Roosters can also keep hens laying stronger during the colder winter months. 

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Usually, after the first year or two of egg production, hens may dramatically reduce the eggs they lay for the next two or three years until they completely stop laying.

If you have chickens for egg production and tend to cull or give away hens that have stopped laying, then a rooster can keep your hens laying more consistently until they have used up all of their eggs. 

Pro: Roosters Fertilize The Eggs 

For homesteaders who value sustainability, the need to raise your own chicks is essential. It dramatically reduces the costs of growing your flock and allows you to maintain productive hens without constantly having to purchase new chicks. 

And a rooster is critical in this process. Without a rooster, the eggs will never be fertilized and will never hatch into chicks. Roosters will fertilize the eggs and in many cases, even help to hatch and care for the young chicks. 

Roosters can easily mate as many as 30 times a day. That means that a single rooster can keep quite a flock of hens occupied and their eggs fertilized. 

Pro: Roosters Provide Meat Production

Another benefit of roosters for a sustainable homestead is that roosters provide great meat production. Dual-purpose flocks provide both high egg production and large-sized roos. This makes raising chickens very sustainable. 

Typically the cockerels (young male roosters) are butchered for their meat at 12-16 weeks. While they haven’t yet reached full-size, they are still large enough for a table bird and still tender because of their age. 

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The thought of butchering your roosters may not appeal to you, but it is a common and necessary aspect of farm life. Approximately half of all chicks are roosters. Since roosters are in far less demand than hens, culling roosters is a fact of life. 

In my opinion, it’s better to raise a rooster for the table than it is to senselessly kill it as a chick just because it’s a male.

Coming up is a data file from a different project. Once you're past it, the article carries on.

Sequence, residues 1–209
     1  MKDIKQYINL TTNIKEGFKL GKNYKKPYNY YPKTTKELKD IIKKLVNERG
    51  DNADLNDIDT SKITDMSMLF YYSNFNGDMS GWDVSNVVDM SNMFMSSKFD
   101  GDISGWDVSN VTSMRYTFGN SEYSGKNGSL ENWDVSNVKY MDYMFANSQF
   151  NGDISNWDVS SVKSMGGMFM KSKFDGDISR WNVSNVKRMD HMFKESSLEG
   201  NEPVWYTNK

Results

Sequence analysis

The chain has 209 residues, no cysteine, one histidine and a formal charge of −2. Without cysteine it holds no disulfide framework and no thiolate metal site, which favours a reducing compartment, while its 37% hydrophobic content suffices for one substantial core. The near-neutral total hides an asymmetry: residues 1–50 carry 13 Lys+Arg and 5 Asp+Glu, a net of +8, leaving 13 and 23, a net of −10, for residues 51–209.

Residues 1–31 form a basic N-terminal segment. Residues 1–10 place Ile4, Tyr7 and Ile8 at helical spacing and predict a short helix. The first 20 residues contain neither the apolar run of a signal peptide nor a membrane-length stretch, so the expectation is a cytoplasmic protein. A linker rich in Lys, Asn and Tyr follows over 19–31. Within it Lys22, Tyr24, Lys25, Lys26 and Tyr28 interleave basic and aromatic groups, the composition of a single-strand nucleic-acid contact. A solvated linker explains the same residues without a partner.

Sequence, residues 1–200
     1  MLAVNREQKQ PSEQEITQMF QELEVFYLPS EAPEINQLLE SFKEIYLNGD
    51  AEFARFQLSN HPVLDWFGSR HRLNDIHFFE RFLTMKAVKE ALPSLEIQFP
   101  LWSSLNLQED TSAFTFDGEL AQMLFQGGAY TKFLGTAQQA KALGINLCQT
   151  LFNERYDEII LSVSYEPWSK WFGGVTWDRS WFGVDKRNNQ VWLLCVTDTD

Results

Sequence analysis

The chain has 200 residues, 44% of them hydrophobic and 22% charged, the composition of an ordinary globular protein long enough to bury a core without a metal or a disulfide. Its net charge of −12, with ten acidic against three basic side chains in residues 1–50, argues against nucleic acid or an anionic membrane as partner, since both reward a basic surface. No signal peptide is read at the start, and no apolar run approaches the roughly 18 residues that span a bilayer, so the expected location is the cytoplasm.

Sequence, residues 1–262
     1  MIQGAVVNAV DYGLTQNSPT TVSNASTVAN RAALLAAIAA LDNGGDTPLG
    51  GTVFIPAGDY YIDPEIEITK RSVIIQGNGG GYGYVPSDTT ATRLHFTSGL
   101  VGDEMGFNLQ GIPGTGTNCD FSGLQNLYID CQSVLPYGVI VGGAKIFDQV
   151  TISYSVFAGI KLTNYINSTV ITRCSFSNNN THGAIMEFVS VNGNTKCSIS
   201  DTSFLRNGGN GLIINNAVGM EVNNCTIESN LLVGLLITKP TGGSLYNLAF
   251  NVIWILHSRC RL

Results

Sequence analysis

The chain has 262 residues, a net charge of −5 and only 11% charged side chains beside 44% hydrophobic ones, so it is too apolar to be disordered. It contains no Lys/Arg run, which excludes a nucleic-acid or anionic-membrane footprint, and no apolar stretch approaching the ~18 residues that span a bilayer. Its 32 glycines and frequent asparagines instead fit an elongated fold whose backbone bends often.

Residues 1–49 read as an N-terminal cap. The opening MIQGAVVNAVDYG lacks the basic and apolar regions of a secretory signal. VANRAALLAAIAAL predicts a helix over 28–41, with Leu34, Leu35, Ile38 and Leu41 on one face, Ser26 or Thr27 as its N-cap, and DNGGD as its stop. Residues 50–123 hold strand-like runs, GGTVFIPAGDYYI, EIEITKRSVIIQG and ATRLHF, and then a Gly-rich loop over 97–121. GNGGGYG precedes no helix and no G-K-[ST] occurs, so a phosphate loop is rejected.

Pro: Roosters Are A Beautiful Addition To Your Flock

As with many species in the animal kingdom, roosters are far more lovely, colorful and gorgeous than their female counterparts. The bright vivid colors of any breed of the rooster will delight and add beauty to your flock. 

We had a rooster we got as an adult. Man, that was the prettiest bird I ever saw. The feathers were long and iridescent. The colors were vivid. Sadly, he got out of the run shortly after we got him and our attempts to capture him only made him take flight away from our property.

Plus, roosters are a beloved icon of farm life. Few animals make you feel as if you are living on a farm more than a lovely rooster all decked out for everyone to see. 

Pro: The Rooster Shuffle

It’s very entertaining to watch a rooster do his dance for the ladies. The rooster shuffle always happens when you introduce a new rooster to a flock of hens, but it can also happen at other times.

He may dance to woo a particular hen to mate or to express excitement at a special treat. Some friendlier roosters will dance when they see their human caretakers coming to show excitement.

Con: Some Roosters Can Be Aggressive To People 

Roosters can take their protection of the flock seriously. Sometimes that means that a rooster will become aggressive to people. This can include you. It can also include children, neighbors, and others that the rooster isn’t familiar with.